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Ask the Lawyer: Education interrupted by service? Know your rights

Mar. 1, 2012 - 04:06PM   |   Last Updated: Mar. 1, 2012 - 04:06PM  |  
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About the author

Mathew B. Tully is an Iraq War veteran and founding partner of the law firm Tully Rinckey PLLC. Click here to email a question. The information in this column is not intended as legal advice.

Q. I recently started attending college and am really enjoying it. I also serve in the National Guard. I've heard some professors grumble about students missing classes because of military obligations. I'm a little worried about what will happen to my academic career after I get deployed. Should I worry about this?

A. Veterans may encounter social and psychological hurdles when they try to return to school after a deployment. College administrators should not add to their challenges.

In 2008, President Bush signed into law the Higher Education Opportunity Act. The law entitles students at higher education institutions to readmission when they must take a leave of absence brought on by military service. A student must be readmitted with the same academic status he had when he last attended classes at the school.

Essentially, this law established an academic version of the Uniformed Services Employment and Reemployment Rights Act, which protects service members' rights to employment, re-employment and benefits in the public and private sectors.

To qualify for these protections, students must:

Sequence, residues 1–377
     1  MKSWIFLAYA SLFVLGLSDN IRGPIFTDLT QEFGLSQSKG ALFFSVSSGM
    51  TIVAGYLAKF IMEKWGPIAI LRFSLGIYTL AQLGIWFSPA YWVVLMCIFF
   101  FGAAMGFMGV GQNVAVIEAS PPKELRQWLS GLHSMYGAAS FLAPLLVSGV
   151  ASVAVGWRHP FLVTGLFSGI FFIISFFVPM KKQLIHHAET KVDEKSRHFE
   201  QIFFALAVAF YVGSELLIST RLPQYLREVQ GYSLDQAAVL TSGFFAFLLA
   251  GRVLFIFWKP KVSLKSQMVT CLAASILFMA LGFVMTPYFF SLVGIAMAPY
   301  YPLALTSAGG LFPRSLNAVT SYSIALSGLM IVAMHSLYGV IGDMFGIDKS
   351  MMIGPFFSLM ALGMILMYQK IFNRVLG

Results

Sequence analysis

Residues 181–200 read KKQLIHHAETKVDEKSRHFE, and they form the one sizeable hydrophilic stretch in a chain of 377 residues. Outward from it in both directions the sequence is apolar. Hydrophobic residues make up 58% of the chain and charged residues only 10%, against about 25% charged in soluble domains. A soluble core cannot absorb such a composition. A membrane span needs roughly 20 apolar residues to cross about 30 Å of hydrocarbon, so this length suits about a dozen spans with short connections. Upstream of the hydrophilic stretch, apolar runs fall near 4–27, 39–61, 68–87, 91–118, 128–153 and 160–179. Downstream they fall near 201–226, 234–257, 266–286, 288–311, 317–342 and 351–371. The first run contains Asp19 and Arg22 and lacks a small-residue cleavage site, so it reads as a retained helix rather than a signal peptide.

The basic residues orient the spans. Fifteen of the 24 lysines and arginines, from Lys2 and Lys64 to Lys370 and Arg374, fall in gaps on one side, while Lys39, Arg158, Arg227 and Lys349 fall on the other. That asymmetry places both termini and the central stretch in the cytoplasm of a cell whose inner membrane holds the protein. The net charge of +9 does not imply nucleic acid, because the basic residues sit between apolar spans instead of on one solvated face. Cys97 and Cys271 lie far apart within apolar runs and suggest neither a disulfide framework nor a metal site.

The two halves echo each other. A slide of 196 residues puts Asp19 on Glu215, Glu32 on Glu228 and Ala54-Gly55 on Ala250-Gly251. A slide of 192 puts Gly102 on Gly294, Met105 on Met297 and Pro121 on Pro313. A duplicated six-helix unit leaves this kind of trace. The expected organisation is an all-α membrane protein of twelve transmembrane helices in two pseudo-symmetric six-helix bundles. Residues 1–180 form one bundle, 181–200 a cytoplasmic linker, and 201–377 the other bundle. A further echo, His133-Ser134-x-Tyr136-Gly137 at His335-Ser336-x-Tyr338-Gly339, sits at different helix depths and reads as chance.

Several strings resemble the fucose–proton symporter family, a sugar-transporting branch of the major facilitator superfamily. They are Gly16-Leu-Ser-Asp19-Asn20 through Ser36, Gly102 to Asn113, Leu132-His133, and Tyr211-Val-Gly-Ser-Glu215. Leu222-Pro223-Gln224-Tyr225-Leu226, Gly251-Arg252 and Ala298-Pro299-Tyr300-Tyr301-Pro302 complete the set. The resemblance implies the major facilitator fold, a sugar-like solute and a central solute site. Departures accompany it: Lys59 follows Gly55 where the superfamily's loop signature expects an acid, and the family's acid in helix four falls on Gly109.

Notify, either in writing or verbally, the appropriate school officer of their orders.

Serve and be absent from school for no more than a cumulative period of five years.

Provide notice of their intent to re-enroll.

Not be dishonorably discharged.

Students do not have to provide notice when their orders are part of a mission, operation, requirement or exercise that could be adversely affected by such public notification. Even if the student fails to provide advance notice, he could still qualify for the protections by submitting, with his readmission papers, an attestation explaining that his uniformed service prompted his absence.

Service members generally have three years after completing their service to submit their re-enrollment notice. Service-disabled veterans have two years after recovering from an illness or injury to provide such notice.

School policies and state laws may differ relating to students' options for leaving for active duty before a term is complete. Usually, the student is permitted to withdraw from the institution or drop a class and get a refund.

Another possibility is receiving a grade of incomplete with the ability to complete the course during or after active service. If the student has been accepted to an institution such as a law school or medical school, and is deployed for two years before starting classes, the accepting school cannot force him to reapply after completing his uniformed service.

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